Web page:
In 1971, Abbie Hoffman, the antiwar activist and Chicago 7 defendant, published a book entitled Steal This Book. In the book, he referred to America as the Pig Empire, and said it was not immoral to steal from it, in fact it was immoral not to do so. Many of my radical friends had the same attitude towards Harvard and its merchandising arm, The Harvard Coop. But wait, you say, the Coop is a co-operative society, and all Harvard students are members. We each have a member number, and we get to share in the profits, receiving a rebate check every year based on how much money we spent there over the course of the previous year. Stealing from the Coop is like stealing from each other. This argument did not hold water with my radical friends. Behind its cooperative façade, the Coop was still part of corporate America. It was a revolutionary act to steal from the Coop or any other corporation. No doubt the fact that security in the book annex wasn’t very good, and it was pretty easy to walk out with textbooks, made it even more tempting to embrace this tactic. And those textbooks, most written by Harvard professors, were so-o-o-o expensive!
Steal This Book, said Abbie Hoffman
I had not adopted this philosophy until one day, during my senior year, I went to the Coop Annex after a class to get the book The Amateur Democrat, by James Q. Wilson. I needed it for my senior thesis, which I was writing on the 1968 McCarthy campaign. Of course I hoped that Wilson, a Harvard professor, would be one of my thesis readers, and would be flattered that I was analyzing the campaign through the lens of his book. Surely he would give me a magna or even a summa. I found the book, put it on top of the notebook I was carrying from my class, and started walking to the cash registers. Suddenly it struck me. Who would know whether I had walked in with this book or not? So I bypassed the cash registers and walked out. I didn’t feel nervous, or guilty. I wasn’t in a hurry. I stopped on the second floor to pick up my rebate check from the year before. I browsed through other items in the main building of the Coop. Then I walked out the front door to head back to Lowell House for lunch.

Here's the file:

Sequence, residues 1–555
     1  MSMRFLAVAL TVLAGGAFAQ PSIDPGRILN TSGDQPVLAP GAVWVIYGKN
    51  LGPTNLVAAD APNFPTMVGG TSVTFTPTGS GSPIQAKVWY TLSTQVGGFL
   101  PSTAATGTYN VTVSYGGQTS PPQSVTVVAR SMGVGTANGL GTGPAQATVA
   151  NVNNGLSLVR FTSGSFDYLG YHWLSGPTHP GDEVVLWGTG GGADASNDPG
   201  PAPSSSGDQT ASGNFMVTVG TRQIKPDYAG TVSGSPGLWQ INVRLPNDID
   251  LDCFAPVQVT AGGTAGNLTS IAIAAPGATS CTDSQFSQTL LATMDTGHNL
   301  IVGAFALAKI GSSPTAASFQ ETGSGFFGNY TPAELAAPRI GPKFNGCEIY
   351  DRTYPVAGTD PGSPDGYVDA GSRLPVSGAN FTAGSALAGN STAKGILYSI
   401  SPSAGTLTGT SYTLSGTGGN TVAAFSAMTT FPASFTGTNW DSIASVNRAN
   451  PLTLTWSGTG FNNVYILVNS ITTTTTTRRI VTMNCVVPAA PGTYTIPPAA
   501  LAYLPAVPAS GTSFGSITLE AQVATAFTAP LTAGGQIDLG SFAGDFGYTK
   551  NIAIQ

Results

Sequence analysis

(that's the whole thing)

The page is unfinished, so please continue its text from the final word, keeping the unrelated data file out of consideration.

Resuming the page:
I was halfway across Mass Ave when a man tapped me on the shoulder. I looked at him, annoyed. “Excuse me, I need you to turn around and come back to the store with me.” “What?” I said. “Come with me right now.” He flashed some kind of badge or ID and grabbed my arm. We walked back to the Coop. He took me to a small office inside the store. “You stole that book.” “No I didn’t.” “I was following you, I saw you take it.” I don’t remember the rest of the conversation, but the upshot was that I had a choice. If I continued to deny stealing the book, he would have me arrested and prosecuted for shoplifting. If I signed a paper admitting I had done it, they would simply take the book back and revoke my Coop membership, and that would be the end of it. In addition, I was never to set foot in the Coop again. So I signed the paper and left.
Looking back now, with my legal training and experience, I wonder what I would advise my 20-year-old self. I have never practiced criminal law, and I certainly don’t know the intricacies of Massachusetts law, but I think I would be inclined to fight it. (Hell, I even fight parking tickets!) Who knows how that would have turned out!
I ended up buying a copy of The Amateur Democrat at the other bookstore in Harvard Square (yes, there actually was one other bookstore in the Square), since I still needed it for my thesis. I’m sorry to say that James Q. Wilson did not take the bait and sign up to read my thesis. Instead I had two graduate students, who did not appreciate the brilliance of it. And I actually did go back into the Coop occasionally after that, although it always made me nervous, and I certainly didn’t use my Coop number when I bought things there.